South Florida denied: NFL awards 2016 Super Bowl to San Francisco area; Houston gets 2017 game



The South Florida Super Bowl Bid Committee, led by Dolphins owner Stephen Ross and chairman Rodney Barreto, expressed anger, disappointment and dismay Tuesday after NFL owners awarded the 50th Super Bowl, in February 2016, to the San Francisco Bay Area over Miami.

The owners followed by granting the 2017 Super Bowl to Houston, again over Miami.

The vote totals were via a super majority, meaning Miami in each case failed to attract even nine of 32 votes, the minimum needed to force at least a second round of balloting.

It had been 10 years since a first-ballot Super Bowl was awarded, yet minus a deal to improve Sun Life Stadium, Miami managed two walloping defeats in a 10-minute span.

“I really wanted to see it and I wanted it to be my legacy,” Ross, 73, said of hosting a Super Bowl in an upgraded facility.

The Dolphins have been sharply critical of Will Weatherford, speaker of the state House of Representatives, who didn’t bring to the floor an initiative that would have let Miami-Dade County vote on a referendum for public-private funding of $400 million in stadium renovations.

“It’s just incredible to me, living in a country that prides itself on democracy, that elected officials — local and leadership at the state level — would take steps that would prevent the voters from having the ultimate say,” Dolphins CEO Mike Dee said. “It almost makes you wonder. Makes you think: What am I missing?”

South Florida, which has hosted a record-tying 10 Super Bowls, will endure a Super gap nearly as long as it has ever felt since the game was created. The area once went nineyears (1980-1988) without a Super Bowl. With 2010 the most recent game in the area, it’ll be 2018, at the soonest, before it returns.

Barreto pointed out that the NFL has to invite cities to make formal Super Bowl presentations, and since Tuesday’s votes weren’t close, “I don’t know why they would invite us back next year.”

NFL Commissioner Roger Goodell called stadiums “a very important part” of Super Bowl bids.

“I did have a number of owners tell me privately the condition of the stadium was a factor in their votes,” Goodell said of Sun Life.

The South Florida committee expressed confidence in every facet of its bid other than the stadium, which opened in 1987.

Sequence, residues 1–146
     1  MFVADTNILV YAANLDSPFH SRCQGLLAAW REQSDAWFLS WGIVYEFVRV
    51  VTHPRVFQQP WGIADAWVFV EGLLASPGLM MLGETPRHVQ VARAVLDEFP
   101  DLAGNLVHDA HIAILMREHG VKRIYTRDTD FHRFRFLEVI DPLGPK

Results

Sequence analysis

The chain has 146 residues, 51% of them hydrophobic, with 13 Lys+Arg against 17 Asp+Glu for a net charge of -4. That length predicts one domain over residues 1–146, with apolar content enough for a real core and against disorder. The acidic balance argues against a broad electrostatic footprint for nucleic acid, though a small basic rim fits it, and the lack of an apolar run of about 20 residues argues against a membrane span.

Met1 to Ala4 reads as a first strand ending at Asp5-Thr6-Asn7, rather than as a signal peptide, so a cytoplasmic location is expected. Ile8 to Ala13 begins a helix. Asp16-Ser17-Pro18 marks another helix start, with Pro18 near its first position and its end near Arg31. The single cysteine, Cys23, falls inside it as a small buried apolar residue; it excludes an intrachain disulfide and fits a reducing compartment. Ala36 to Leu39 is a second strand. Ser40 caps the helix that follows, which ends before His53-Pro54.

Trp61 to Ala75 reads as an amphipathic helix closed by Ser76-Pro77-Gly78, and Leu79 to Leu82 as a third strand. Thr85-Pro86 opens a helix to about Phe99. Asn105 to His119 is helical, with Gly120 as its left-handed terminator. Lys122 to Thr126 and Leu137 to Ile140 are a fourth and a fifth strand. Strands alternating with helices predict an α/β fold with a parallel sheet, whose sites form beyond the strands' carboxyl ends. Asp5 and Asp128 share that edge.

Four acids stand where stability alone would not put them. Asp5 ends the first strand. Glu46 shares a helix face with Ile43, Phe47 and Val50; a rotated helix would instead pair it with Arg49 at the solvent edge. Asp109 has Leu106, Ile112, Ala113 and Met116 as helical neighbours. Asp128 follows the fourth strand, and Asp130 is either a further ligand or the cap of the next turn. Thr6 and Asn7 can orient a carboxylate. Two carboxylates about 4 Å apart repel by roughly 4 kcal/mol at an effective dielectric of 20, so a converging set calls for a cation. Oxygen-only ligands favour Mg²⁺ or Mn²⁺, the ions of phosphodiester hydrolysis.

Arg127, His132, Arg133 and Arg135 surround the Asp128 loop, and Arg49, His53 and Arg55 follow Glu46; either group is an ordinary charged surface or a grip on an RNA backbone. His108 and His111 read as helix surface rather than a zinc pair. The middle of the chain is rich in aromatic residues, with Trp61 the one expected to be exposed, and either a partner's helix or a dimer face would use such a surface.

“It’s hard to overcome having the oldest facility that regularly competes now for Super Bowls,” Dee said.

The committee hoped to focus on a “Super Bowl Park” that would have meant a week-long party zone on Biscayne Boulevard in downtown Miami. It also relied on South Florida’s Super Bowl history, its winter weather and the allure of South Beach.

“I think everybody in that room would rather be in Miami in February than they would anywhere else in the country,” Ross said of his fellow owners. “And I think no one knows how to host the Super Bowl better than Miami.”

Among the stadium improvements the Dolphins want are a canopy to protect fans from the elements, seats closer to the field and better replay boards. Ross, who said the improvements will come only via public-private funding, said the longer the wait, the more costly renovations will be.

“You get to a certain point and it becomes more obsolete faster,” he said. “I think now it’s a lot cheaper to spend the money today to bring it up to speed.

“Our plans were to make it the equivalent of a new stadium. If you continue waiting, you’re going to have to build a whole new stadium and then it’s going to be a question of where in Florida does it reside? I want it to be in Miami, where it is, with a modernized stadium.”

The 49ers were considered strong favorites with a $1.2 billion stadium in Santa Clara due to open for the 2014 season. The Houston Texans’ home, Reliant Stadium, opened in 2002 and hosted the 2004 game in which New England defeated Carolina 32-29.

The 2014 game will be in East Rutherford, N.J. The 2015 host will be Glendale, Ariz.

The Dolphins’ plan to renovate their stadium hinged on a referendum that had been planned for May 14. Miami-Dade voters would have decided whether to increase the hotel bed tax from 6 percent to 7 percent. The Dolphins also were seeking long-term subsidies from the state.

Barreto criticized lawmakers who failed to authorize the referendum. He singled out state representatives Michael Bileca and Carlos Trujillo, both Republicans from Miami, saying they persuaded Weatherford to keep the bill from a vote in the House.

“They need to look at themselves in the mirror tonight,” Barreto said. “They can declare victory that they stopped the Super Bowl from coming to Miami, probably for the next 10 years at least.”

They couldn’t be reached for comment Tuesday night.



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